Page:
Reviewing Explanations and Analyzing POV

Class began the normal way today, and students had a WA that had them reviewing a few comma rules. Parents: Students have been tracking their performance on WA over the past few weeks in order to prepare for the grammar assessment coming up in a few weeks. Feel free to check in with your student to see how it is going!

After going over the WA, students handed in their old tickets and homework passes for extra credit and received new ones. If you weren’t here today, be sure to turn those in to be when you return.

Since we are super busy tomorrow, I moved our video prompt to today, so we had video Monday. With opening day of baseball happening this week, I thought it would be the perfect time to introduce students to a piece of Americana: Abbott and Costello’s “Who’s on First?” After providing them with some background, we watched to video below before writing, and I suggested students write about why they thought this comedy routine stood the test of time, the funniest thing they have ever seen or experienced, or, if they are baseball/softball fans, what they are looking forward to about the upcoming season.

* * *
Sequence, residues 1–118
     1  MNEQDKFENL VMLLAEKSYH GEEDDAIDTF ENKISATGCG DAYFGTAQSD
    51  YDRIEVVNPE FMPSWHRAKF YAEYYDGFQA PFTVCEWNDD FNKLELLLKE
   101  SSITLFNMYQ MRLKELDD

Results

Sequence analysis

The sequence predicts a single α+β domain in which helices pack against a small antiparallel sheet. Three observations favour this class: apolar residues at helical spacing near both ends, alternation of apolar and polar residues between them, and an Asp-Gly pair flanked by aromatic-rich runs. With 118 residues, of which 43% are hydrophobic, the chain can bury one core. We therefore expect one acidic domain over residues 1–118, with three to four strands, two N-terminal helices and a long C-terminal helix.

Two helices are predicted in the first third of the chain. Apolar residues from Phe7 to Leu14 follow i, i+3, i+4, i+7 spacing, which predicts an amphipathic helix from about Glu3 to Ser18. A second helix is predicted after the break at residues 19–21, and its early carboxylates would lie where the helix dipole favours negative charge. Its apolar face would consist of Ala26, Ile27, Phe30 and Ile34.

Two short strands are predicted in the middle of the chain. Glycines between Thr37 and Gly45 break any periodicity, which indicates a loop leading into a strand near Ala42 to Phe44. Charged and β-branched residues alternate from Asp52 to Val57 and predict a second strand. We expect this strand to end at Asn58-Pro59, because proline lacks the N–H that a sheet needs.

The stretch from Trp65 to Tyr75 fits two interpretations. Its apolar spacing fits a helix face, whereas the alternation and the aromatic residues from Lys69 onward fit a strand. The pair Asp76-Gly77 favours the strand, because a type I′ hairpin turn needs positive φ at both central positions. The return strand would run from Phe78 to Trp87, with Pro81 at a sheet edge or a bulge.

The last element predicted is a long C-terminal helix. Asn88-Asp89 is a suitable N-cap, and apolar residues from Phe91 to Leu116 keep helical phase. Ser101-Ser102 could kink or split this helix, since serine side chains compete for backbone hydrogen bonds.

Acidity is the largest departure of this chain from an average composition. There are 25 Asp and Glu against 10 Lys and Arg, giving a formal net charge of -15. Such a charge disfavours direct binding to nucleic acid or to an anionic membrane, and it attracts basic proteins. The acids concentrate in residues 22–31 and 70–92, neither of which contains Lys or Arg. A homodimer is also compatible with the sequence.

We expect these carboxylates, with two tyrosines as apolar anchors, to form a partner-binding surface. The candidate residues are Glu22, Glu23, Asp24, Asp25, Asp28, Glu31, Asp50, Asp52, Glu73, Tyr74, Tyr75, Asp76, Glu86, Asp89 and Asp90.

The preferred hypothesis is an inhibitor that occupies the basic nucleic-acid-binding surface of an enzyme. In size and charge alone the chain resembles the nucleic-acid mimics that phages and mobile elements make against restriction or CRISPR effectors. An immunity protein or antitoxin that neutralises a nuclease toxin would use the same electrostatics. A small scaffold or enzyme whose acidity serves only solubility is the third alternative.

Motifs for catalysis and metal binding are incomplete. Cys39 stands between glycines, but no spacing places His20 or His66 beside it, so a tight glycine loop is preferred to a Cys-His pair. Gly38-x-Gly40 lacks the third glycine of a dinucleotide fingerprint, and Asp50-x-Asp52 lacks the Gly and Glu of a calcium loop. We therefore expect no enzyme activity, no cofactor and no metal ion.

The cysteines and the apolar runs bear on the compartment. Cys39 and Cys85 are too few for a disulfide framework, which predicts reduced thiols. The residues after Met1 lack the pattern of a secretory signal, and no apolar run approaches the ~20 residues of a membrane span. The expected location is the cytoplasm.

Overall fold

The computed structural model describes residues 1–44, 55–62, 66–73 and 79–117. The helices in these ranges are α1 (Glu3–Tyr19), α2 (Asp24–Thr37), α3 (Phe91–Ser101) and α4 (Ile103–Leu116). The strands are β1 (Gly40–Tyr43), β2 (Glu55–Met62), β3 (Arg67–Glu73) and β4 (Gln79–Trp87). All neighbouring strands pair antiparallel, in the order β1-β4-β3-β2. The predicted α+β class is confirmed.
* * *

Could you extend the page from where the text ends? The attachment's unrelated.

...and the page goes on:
After NBT, we did a little explanation review. Last week, student did an activity where they worked together with their groups to survive the African veldt and explain one piece of evidence; however, things did not go so well. Today, I did a think-through with students about how I would go about breaking down the evidence to explain the significance in part 1 and connect the evidence to the POV in part 2.

The area I always see the most struggle with is when it comes to explaining the significance of the evidence, so I underlined a portion of the evidence, and we discussed why that part was significant, and that helped us get rolling with the explanation. Her is an example below:


The different colors demonstrate the difference in part 1 and part 2.

After going through this example, students stored this in their binders for reference later on, and we had time to watch the ending of “The Veldt.”

After debriefing about the end of the story/video a bit, students had time to begin their homework which is analyzing the POV of the children. Many students finished this work in class, but you can access the handout if you click here and scroll to the last page of the document.


  1. Read for 25 minutes.
  2. Finish POV work if you didn’t finish in class.